Arden Moore: Well, you know, it is not just the doggy and the kitties that are doing things wrong, it is all about communication.  And I think that sometimes we kind of mess’em up.  I mean we just don’t understand.  I think we are more confusing and contradictory if you will than the cats and the dogs.  So, I am really in it for the people and the dogs and the cats with this show.  So, I thank you for that.

Dr. Marty Becker: Oh I just picture Austin Powers every time, “Oh Behave!!”

Arden Moore: Maybe we will get him on the show, we will see, we will see where this is going…

Dr. Marty Becker: Oh you got, “Oh Behave!!” all right.

Arden Moore: And it is kitties and doggies. All right, so talk a little about…

Dr. Marty Becker: Yeah, why does the cat go to the person who hates cats?  Those of us that love cats, let’s picture us on the couch, there is three of us, two of us love cats; one person hates cats.  And those of us that love cats, the cat walks into the room and there is two of us going, “Choose me, pick me, pick me over the other person,” you know, it is just like grade school when you are getting picked for recess.  “Oh please come to me and so, come, come, come, ohhh look at you, look at you, you are so beautiful.”  There is the other person there looking up in the air going, “I don’t like cats, don’t come to me.”

Arden Moore: Yeah, they are doing a little cross sign [laughs].

Dr. Marty Becker: Right, the cat looks over there and there is two people staring at it that want it to come and there is one person not looking at it.  And the person that is not looking at it is the person that it finds the least threatening and that is the one it goes to.  So, if you want to try it next time, next time if you want the cat to come to you, don’t look at it.  And if you don’t want the cat to come to you, you look at it, so it is exactly the opposite.

Arden Moore: Maybe even be a little bit of jumping jacks or something, singing or something for the cats musical, I don’t know, that would probably make me run, if I was a cat, and somebody started singing…

Dr. Marty Becker: Did you know I actually found a world’s hairball expert in researching this book?

Arden Moore: Cough…cough…cough…I am sorry what, really!!?  Who is this person?

Dr. Marty Becker: How would you like to be the person who knows about hairballs?

Arden Moore: You know what, they could be on that, which is that one show that they were trying to guess who your identity is in one of those reality shows, now that will be a good one.

Dr. Marty Becker: All right.

Arden Moore: Who is the hairball expert?  Oh my God, they make a living being a hairball expert.

Dr. Marty Becker: Isn’t that funny? If you have ever felt a cat’s tongue, it is raspy, it is like being, if you feel it on your fingers like being caressed by a caterpillar wearing golf shoes, you know, I mean it feels funny, but it is like a rasp and it pulls in this hair in it, augers it down their pie hole.  And it has got one way to go, you know, once it starts going, it goes down in their stomach and then when they choose to get rid of it because the hair is indigestible, they are going to have a hack attack in the middle of the night and it is going to come up on your rug or else it is going to come out the back…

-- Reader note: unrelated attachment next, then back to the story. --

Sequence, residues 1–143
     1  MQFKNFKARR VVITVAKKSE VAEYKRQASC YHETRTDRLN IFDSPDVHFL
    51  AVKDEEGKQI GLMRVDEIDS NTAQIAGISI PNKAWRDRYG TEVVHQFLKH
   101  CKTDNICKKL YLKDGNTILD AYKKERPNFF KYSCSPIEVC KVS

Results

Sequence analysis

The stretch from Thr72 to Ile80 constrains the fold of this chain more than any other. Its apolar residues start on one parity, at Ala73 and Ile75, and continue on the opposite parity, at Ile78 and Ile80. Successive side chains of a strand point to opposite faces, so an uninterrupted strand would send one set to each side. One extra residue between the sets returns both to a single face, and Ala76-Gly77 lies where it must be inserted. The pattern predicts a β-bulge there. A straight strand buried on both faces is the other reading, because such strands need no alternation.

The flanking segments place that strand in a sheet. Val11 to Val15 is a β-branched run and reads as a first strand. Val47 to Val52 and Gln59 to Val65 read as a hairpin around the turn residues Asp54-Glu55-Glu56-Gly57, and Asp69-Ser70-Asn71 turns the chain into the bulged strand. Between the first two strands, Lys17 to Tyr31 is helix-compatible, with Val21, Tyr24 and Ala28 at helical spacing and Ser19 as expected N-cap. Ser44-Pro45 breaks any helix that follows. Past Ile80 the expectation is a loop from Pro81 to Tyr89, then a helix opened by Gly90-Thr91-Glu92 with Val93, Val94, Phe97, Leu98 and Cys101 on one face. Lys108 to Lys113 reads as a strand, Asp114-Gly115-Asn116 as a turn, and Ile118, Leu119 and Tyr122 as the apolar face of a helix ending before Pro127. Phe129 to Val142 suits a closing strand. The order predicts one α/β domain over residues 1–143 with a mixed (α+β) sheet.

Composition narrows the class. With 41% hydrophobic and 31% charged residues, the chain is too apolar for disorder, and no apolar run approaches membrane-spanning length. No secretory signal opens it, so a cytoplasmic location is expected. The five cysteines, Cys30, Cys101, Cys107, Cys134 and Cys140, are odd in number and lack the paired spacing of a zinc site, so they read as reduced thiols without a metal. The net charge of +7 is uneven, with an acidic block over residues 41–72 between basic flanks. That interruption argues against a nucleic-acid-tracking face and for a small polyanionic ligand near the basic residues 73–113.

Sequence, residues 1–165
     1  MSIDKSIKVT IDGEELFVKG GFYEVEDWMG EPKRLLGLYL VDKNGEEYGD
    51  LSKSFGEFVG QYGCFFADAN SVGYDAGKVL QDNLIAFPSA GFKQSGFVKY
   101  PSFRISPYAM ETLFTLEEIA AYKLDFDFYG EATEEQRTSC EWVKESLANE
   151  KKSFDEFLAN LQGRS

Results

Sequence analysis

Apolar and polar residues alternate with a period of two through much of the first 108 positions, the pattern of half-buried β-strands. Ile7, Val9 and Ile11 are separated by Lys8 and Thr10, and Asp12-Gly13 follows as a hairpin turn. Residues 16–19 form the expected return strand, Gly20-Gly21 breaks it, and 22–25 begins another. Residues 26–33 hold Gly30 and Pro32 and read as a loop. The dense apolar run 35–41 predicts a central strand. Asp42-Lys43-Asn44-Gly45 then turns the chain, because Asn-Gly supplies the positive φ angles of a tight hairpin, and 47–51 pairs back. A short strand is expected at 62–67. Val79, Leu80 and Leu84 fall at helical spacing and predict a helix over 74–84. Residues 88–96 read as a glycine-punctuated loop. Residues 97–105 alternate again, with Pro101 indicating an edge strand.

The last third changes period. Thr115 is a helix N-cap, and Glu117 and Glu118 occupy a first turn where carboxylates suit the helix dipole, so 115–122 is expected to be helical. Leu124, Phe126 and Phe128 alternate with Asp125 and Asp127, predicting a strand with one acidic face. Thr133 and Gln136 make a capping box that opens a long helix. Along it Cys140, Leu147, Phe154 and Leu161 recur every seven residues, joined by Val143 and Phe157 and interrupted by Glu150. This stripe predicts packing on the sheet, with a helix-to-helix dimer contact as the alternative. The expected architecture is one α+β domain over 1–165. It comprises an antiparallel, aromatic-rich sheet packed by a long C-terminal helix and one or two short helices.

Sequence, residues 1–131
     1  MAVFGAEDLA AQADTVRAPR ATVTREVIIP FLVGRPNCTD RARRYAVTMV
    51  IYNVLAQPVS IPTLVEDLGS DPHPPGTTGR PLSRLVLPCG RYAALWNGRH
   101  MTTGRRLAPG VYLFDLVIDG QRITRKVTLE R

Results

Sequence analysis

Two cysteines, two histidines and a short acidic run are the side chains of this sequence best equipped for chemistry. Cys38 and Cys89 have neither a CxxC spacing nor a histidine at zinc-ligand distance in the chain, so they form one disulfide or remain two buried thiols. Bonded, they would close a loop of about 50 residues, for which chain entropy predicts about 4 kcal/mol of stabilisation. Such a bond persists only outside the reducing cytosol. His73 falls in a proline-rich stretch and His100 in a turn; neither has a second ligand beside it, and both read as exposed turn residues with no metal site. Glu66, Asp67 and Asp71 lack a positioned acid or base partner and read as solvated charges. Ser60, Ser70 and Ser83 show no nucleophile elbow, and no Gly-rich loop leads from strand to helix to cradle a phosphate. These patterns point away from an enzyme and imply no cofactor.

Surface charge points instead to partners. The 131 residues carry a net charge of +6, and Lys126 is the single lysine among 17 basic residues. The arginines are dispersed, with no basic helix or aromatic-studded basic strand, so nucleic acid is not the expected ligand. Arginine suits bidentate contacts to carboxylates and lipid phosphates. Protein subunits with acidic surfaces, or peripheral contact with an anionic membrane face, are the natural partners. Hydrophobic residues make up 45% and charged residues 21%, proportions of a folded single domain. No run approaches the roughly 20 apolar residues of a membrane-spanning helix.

Arden Moore: On your pillow?

Dr. Marty Becker:…into the litter box and you know, not too many of us get down there and peer in the litter box to see the hair that is inside the contents in there, but the fancy name, the scientific name for hairball is a trichobezoar.

Arden Moore: Say that one more time with feeling.

Dr. Marty Becker: Yeah, that would be a real good one for scrabble, wouldn’t it? T-r-i-c-h-o-b-e-z-o-a-r.

Arden Moore: Well, you won the game.

Dr. Marty Becker: But it is just hair stuck together with a sticky mucus and you know, it is not actually a ball, it is more like a cigar shape.

Arden Moore: Yeah, looks like a ball…

Dr. Marty Becker: Yeah, sometimes people think hacking is the hairball when actually it can be a symptom of a serious problem like heartworm disease or asthma.  And the easiest and best way to prevent hairballs is just brush your cat frequently.  So, the more dead hair you pull out on their brush, the less they will have to swallow when the groom and regular brushing is also good for not just your cat but your furniture.

Arden Moore: Oh yeah, absolutely.  You know, I always wanted to say, people think that a dog, you know, they take a chill pill, if you will, by chewing on a bone, preferably one that can’t splinter like a synthetic ball or one of those hard rubber toys.  But I was surprised in doing some research on you that I guess cats when they want to alleviate a little mild stress, I’ve had a bad day, well actually it turned to grooming, isn’t that right?

Dr. Marty Becker: Right, yeah groom himself, groom each other.  You know, there is one thing that is really interesting.  I wrote another book called the “Healing Power of Pets.” And we found out in there, we’ve always known pets were, you know, made us feel good.  We just didn’t know they were good for us and actually when you have physical contact with a dog, this hasn’t been proven in cats, but it is suspected that it is the same.  When you pet your dog, there is this release possibly by our chemicals, oxytoxin, the hug hormone, the serotonin, you know, the happy hormone for your brain and then phenylethamine, which is the active ingredient in chocolate and the rare thing is the dog gets the same release or the same chemicals.  So it is not a parasitic relationship, it is actually a symbiotic relationship.  And when we are sharing our, you know, a little contented, caressing the fur, this cat is curled up in your lap and the little purr motor is running.  That vibration of exactly 25 vibrations per second has proven to lower blood pressure.